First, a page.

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    Plus tannic acid is a weak organic acid consisting of polyphenol. It breaks down and doesn't leave lingering acidity like elemental inorganic acids will. Kind of like the chestnut "Pine Needles make soil acidic". Often you find the soil is already acidic, that's why Pine Trees grow there. It's a case where the measured property isn't a result of the observed environment. Pine Straw doesn't confer much soil acidity after removed from the environment that produced it. Commented Dec 21, 2013 at 5:40

In the fall up here in Wisconsin I pull the empty sunflower seed bags over my roses and stuff the oak leaves in around the branches for a winter insulation. Come spring I pile them together and pass the lawn mower over them collecting them in the lawn mower bag. The shredded leaves are stored in plastic garden bags to be added into the mulch bins throughout the spring and summer. Works well!


I live in a forest primarily made of oak trees. I fight "leaf wars" every year. For 15 years I have mulched the majority on a very large lawn.

The leathery leaf must be chopped as small as possible. It is a favorite food source for earthworms. Their castings and leaf mold help dress the soil and is fertilizer for grass and feeder roots of trees.

An oak leaf that is still whole, if left on the ground or in bare spots in the lawn, will stay there, blocking grass growth for many years. Rake them loose and mulch.

A very good mulching mower is a necessity. The mower blades will dull and need sharpening a time or two. The dust will clog the air filter so check and clean it often. Wear a dust mask. The result is a lush green lawn.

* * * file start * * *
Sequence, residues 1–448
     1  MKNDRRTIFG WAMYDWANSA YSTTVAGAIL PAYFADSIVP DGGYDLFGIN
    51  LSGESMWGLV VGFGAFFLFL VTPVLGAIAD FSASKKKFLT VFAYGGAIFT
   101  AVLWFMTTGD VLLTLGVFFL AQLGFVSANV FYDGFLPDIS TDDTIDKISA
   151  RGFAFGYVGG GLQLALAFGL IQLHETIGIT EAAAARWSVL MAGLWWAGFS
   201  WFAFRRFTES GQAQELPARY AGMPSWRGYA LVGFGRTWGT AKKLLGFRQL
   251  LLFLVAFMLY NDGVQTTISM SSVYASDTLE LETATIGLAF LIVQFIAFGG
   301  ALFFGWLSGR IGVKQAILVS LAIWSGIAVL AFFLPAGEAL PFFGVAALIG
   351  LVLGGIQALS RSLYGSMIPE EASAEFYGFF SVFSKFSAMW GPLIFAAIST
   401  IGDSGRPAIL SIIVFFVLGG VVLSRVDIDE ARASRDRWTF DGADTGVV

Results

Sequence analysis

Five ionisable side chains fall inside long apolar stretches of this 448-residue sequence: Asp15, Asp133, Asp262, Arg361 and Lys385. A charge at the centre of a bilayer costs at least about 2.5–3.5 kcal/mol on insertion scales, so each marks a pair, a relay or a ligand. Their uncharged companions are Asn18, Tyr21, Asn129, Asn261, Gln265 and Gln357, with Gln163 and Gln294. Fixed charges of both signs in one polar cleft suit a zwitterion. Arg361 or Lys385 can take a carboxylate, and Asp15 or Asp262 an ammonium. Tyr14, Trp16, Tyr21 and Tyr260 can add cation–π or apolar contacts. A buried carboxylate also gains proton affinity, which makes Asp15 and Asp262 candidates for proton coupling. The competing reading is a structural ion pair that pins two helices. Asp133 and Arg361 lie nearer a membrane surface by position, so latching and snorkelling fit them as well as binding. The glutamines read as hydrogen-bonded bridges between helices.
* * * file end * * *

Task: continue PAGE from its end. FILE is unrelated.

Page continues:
The down side: The worms loosen the soil so well that local moles will tunnel through your yard. No damage just unsightly. Poke holes in their tunnels. They don't like air and light and will abandon that one. Continuing this until they return to the woods may take a while.

I do blow mass amounts of oak leaves back to the wood line. That "berm" is gone, composted by the next War.

I must return to the war. Good luck!

  • Wait one sec, George. Moles, voles, gophers are super at aeration. Just because the soil is friable does not make that soil encourage our little friends. Our little friends eat GRUBS and hugely mitigate insects that can get out of control. And they aerate. And they top dress our soils where all we need to do is rake the piles down and out. I love your attention to the machinery! BUT, I have never found a 'mulching' mower that does what everyone thinks or wants. There are only one or two moles in a huge lawn doing all that work of eating grubs and aerating and topdressing.
    – stormy
    Commented Apr 30, 2017 at 21:40

I rake 'em into a small enough to handle piles, and use my mower (mulcher), to break them down. I have found a lot of plants, spider plants, wondering jew, orchid cactus, etc, love it just as it is broken down. What I don't use for planting, I throw into either my compost bin, or fill up holes and stuff around the property.


Yes you can use oak leaves as compost. Use your mower to suck them up into the bag then sprinkle the bag over area